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  • Louise Clarkson,
  • Laura Hart,
  • Alfred Lam,
  • Tien Khoo
Louise Clarkson
Griffith University School of Medicine and Dentistry

Corresponding Author:clarkson_louise@hotmail.com

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Laura Hart
The Lancet Ltd
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Alfred Lam
Griffith University School of Medicine
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Tien Khoo
Griffith University School of Medicine and Dentistry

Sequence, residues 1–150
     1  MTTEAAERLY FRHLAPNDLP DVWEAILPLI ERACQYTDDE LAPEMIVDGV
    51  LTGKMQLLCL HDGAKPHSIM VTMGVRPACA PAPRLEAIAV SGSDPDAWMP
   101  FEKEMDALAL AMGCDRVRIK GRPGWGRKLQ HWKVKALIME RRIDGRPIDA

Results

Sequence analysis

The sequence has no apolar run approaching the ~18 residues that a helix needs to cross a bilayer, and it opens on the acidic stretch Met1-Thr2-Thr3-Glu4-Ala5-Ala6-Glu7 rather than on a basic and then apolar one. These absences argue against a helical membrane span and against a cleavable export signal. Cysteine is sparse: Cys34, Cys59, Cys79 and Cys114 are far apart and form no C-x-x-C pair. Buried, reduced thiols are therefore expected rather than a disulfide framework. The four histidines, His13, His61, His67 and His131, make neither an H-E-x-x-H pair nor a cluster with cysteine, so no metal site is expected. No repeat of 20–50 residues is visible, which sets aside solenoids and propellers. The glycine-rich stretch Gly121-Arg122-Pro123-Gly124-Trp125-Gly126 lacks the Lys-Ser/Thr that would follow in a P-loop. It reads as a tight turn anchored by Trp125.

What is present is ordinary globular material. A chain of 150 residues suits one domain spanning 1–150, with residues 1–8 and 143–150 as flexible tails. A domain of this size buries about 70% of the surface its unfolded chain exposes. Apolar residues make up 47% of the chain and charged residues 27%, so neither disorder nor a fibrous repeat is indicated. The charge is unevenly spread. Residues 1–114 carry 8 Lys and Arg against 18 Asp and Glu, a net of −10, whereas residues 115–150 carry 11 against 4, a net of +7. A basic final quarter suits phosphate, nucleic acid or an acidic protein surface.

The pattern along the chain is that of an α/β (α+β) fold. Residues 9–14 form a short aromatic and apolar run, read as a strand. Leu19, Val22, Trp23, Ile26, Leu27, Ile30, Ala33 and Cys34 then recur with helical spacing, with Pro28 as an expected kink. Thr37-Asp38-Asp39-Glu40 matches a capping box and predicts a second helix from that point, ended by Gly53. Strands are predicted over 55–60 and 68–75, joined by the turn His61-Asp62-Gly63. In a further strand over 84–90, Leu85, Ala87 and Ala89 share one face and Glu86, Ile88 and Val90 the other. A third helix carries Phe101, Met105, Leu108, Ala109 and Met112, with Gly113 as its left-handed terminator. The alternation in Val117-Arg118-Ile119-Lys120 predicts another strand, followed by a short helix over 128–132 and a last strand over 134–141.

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Aim: Deprescribing interventions may reduce inappropriate polypharmacy and the associated negative clinical consequences. This systematic review examined current research on the effectiveness of deprescribing interventions implemented within specialist outpatient clinics. Methods: This systematic review was informed by a literature search on 18/10/21 of publications from January 1990 in PubMed and Embase. Studies were included if they focused on patients ≥60 years and measured change in medication burden (defined by number of medications or number of inappropriate medications) as result of an intervention conducted within a specialist outpatient clinic. Methodological quality was assessed by 2 authors using the revised Cochrane risk-of-bias tools. Due to significant heterogeneity between trials, a qualitative synthesis was completed. The primary outcome reviewed was change in medication count or potentially inappropriate medication. Secondary outcomes were maintenance of deprescription and clinical benefits. Results: 19 studies were included for review that included 10,914 participants. They included geriatric outpatient clinics, oncology/haematology clinics, haemodialysis clinics and designated polypharmacy/multimorbidity clinics. Seven RCTs were identified. Other studies included retrospective evaluations and prospective/pilot studies. Four RCTs reported statistically significant reduction of medication burden with intervention, however all studies were assessed as having a high risk of bias. The studies could be grouped into those where the deprescribing intervention was physician-led and implemented, delivered from a multidisciplinary team, or pharmacist-led and physician implemented. Conclusion: The evidence for deprescribing interventions in outpatient clinics is very limited and further research is recommended. The addition of a pharmacist and validated medication assessment tools appear to be enablers.